Monday, October 16, 2006

bright lights

There is something about empty auditoriums (or auditoria. yes, i actually checked) at the end of a performance, especially the ones that you've been a part of. When all attendant families are done meeting and greeting; when all the congratulation and hugging and screaming is complete. When costumes are removed and make-up is taken off. When everyone is making plans about the rest of the night - dinner and parties and sleep. When chatter is muted and everyone's gone.
And the hall sits empty and yellow and familiar.

There's no one around but you and the empty stage, from which all trace of the evening has removed except for those inevitable little things everyone overlooks; a flower, a handkerchief, a ribbon.

And you sit in the first row of the audience and you look at where you were; and you remember where you've been.
You think about old performances: the things you did wrong and the things you did right. The time you sat, frozen, for almost the entire performance till your foot went to sleep and your fingers went numb and people told you they noticed you more than the play just because you stayed still so well. The times your school won Best Play at inter-school fests and how you were there both times. The time the stage monitors for a dance didn't work and you counted everyone through the entire performance. The time you wore new stockings for a dance and tore them on a nail in the ladies' room just before the performance. All the time you spent editing music and dialogue. All the time spent organizing. All the time spent arguing.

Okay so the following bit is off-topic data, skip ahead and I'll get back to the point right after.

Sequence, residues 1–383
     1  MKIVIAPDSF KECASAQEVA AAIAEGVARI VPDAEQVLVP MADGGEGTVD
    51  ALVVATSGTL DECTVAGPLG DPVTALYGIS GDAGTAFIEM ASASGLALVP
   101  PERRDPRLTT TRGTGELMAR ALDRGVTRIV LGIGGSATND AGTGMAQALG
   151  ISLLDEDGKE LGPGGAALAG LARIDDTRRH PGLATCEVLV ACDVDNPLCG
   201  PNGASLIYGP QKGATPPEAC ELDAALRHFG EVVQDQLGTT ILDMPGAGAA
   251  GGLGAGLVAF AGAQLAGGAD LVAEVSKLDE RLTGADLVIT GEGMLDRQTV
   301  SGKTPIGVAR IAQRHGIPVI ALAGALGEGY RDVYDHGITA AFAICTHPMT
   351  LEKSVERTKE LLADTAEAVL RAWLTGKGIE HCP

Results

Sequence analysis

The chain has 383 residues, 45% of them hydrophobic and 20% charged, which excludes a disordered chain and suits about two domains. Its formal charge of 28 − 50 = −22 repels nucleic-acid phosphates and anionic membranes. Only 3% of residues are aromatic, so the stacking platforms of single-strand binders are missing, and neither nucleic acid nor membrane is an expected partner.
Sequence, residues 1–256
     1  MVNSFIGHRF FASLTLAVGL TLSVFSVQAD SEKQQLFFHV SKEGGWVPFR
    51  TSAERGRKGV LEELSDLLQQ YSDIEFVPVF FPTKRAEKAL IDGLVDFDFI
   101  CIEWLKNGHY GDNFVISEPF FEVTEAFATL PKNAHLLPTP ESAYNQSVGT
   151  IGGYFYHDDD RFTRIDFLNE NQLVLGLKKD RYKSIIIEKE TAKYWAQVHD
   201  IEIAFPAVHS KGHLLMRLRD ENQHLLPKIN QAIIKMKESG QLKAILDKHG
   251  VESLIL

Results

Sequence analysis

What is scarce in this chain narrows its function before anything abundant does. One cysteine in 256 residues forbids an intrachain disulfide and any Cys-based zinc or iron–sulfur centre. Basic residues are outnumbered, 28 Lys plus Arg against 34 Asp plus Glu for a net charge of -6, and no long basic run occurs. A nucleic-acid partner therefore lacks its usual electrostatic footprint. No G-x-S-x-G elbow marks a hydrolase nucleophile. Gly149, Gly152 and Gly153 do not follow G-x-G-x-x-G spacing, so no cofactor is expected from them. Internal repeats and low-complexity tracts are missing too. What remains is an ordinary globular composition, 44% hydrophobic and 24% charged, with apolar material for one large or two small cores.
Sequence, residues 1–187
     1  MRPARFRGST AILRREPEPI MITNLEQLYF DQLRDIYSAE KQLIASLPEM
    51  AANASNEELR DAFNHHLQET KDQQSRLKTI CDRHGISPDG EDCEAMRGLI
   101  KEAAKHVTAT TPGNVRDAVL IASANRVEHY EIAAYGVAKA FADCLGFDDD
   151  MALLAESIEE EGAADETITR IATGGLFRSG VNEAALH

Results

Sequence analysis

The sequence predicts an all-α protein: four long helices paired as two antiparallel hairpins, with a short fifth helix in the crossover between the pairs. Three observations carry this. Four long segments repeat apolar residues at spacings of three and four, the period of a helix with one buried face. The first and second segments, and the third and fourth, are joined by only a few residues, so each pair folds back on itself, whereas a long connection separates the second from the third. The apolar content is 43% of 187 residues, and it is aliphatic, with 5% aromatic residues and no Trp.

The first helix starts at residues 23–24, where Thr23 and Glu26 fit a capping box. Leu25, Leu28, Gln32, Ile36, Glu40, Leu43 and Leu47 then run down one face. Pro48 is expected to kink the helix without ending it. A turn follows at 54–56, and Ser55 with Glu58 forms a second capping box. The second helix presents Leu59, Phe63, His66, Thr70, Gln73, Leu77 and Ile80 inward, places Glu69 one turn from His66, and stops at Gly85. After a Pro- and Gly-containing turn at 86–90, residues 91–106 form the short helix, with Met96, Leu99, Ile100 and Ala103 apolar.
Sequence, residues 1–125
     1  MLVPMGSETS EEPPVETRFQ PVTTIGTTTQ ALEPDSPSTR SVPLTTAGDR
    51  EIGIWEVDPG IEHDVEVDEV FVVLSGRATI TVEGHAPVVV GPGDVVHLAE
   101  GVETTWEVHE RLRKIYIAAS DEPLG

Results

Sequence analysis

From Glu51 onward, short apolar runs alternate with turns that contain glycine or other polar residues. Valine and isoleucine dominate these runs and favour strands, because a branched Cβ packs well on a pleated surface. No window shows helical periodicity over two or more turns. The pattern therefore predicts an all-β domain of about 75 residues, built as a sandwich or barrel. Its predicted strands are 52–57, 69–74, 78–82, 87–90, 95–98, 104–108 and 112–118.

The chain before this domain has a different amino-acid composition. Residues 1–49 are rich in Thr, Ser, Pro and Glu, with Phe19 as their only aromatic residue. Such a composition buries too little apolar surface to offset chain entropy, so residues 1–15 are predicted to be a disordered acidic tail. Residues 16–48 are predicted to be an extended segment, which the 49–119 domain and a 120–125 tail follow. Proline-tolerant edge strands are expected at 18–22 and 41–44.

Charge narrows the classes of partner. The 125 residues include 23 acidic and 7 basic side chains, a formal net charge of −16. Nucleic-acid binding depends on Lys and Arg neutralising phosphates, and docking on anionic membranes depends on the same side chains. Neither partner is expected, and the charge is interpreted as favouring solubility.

You think of greenrooms and make-up and losing things. Borrowed pins and face wash. Last minute panic. Little quarrels. Mixed instructions and many confusions. Rushing around backstage just because it makes you feel important. Screw-ups and fix-ups. The friends you made and the ones you lost. Emergencies and handling them. The thrill of responsibility. The practices and the hard work and all the stress and tension you've been through; all for that one perfect moment that you'll never remember anything of but the emotion, because those lights are shining in your eyes and blinding you and you can't see a thing, but you don't care because you're in that moment and nothing else matters at all.
The butterflies before every performance, and the relief after. That ecstatic sense of a job well done. The after-parties. That's what you sit there and think of.
That's what you remember.

Sometimes the best part of a performance is the afterward.

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